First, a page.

Budget cutbacks due to the Covid-19 pandemic have forced Auckland Council to devise a new business case for its planned South Auckland services hub.
The project was part of Auckland Council's wider plan to increase efficiencies and offer more flexible services for customers. Under the proposal the council would sell a number of properties in the Auckland area and consolidate its key operations into three regional hubs.
Auckland Council's corporate property team originally planned to sell Kotuku House in Manukau's Osterley Way to help pay for the southern hub project.
Staff from the consenting, compliance, licensing and support teams were expected to be relocated to a planned extension of the nearby Manukau Civic Building, but according to the council's head of corporate property Rod Aitken it is now reviewing the proposal.
"Auckland Council's southern hub project has been paused while we revisit our requirements, and put a revised business case together," Aitken said. "We hope to have this completed over the next few months."
A council spokesperson said because the proposal was still a work in progress, details around timeframes and budgets would not be finalised until the 2020/2021 budget was approved.
A 2018 report to the council's Finance and Performance Committee which looked at its property portfolio said it was facing a mountain of deferred maintenance that was impacting on the working conditions of staff.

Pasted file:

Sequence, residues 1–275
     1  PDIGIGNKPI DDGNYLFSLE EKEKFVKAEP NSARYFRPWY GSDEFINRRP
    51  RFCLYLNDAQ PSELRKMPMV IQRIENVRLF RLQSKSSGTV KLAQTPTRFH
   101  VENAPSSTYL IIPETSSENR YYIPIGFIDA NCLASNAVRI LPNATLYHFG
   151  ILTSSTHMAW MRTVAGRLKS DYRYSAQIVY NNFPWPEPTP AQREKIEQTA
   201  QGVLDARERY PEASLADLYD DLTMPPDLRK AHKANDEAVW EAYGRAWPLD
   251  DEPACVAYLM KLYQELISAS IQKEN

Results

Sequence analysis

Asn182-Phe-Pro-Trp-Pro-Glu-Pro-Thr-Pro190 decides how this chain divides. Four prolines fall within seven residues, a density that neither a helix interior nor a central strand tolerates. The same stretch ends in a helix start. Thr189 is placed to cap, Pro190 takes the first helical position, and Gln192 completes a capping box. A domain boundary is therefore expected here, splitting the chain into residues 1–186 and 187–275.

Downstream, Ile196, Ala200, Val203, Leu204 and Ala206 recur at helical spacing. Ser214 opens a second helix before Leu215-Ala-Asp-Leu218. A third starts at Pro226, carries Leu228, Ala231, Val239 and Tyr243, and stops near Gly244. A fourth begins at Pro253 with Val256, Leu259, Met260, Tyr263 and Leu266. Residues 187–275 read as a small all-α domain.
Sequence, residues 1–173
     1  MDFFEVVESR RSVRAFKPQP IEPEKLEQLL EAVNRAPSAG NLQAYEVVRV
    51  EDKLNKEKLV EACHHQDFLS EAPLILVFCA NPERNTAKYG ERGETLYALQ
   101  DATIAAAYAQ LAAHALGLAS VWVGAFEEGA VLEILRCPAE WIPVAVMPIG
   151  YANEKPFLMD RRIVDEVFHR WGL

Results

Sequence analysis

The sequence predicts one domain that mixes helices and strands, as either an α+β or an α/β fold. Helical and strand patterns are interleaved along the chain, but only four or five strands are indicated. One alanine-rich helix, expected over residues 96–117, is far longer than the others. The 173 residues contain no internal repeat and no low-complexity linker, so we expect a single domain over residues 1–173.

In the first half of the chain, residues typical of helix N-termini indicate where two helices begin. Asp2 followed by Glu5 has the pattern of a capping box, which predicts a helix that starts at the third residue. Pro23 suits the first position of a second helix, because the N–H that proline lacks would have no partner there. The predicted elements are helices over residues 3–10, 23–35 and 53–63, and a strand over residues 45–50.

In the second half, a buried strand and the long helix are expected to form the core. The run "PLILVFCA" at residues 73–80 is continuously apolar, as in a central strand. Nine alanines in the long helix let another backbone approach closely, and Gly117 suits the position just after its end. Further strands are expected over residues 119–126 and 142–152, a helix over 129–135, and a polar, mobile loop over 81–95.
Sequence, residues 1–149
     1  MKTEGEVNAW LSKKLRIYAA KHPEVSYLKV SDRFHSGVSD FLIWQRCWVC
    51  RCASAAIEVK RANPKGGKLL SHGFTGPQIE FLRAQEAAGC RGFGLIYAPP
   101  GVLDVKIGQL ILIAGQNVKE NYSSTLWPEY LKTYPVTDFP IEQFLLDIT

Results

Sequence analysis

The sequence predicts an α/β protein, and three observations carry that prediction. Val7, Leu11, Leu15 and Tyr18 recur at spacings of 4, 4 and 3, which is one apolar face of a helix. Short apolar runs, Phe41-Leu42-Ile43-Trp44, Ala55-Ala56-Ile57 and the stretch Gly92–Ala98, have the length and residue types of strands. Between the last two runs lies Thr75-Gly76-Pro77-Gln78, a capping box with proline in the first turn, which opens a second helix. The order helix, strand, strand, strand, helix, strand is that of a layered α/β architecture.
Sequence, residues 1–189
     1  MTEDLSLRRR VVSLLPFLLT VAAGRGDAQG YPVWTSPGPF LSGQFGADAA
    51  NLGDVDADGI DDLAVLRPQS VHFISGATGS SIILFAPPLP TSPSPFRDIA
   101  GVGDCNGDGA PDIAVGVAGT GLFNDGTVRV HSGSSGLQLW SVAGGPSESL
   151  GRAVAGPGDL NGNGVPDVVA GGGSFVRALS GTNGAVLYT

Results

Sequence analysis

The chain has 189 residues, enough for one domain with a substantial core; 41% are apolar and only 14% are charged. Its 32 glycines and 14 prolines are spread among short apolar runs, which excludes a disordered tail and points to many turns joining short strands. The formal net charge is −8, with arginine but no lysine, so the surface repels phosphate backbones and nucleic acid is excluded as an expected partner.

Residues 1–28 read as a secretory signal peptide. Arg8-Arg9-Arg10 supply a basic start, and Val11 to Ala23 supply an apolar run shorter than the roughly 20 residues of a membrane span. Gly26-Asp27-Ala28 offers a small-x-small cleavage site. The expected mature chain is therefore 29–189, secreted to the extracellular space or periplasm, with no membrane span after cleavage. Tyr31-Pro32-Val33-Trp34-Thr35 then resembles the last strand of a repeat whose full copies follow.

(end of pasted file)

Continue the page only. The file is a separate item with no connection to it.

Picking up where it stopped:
"This 'maintenance mountain' appears to have been caused by a historic and continued under-investment in our corporate buildings," the report said.
"In many of our buildings we are forcing our staff to work in old, unproductive legacy working environments that owe their design origins to last century work practices."
The southern hub is one of a number of major projects that are facing funding cuts as part of the council's emergency budget.
Auckland mayor Phil Goff announced last month the council was predicting a shortfall of over $500 million in revenue over the next financial year as a result of the Covid-19 crisis.
This has meant the council is looking at cutting costs and deferring projects as it seeks to make up for the projected drop in revenue.
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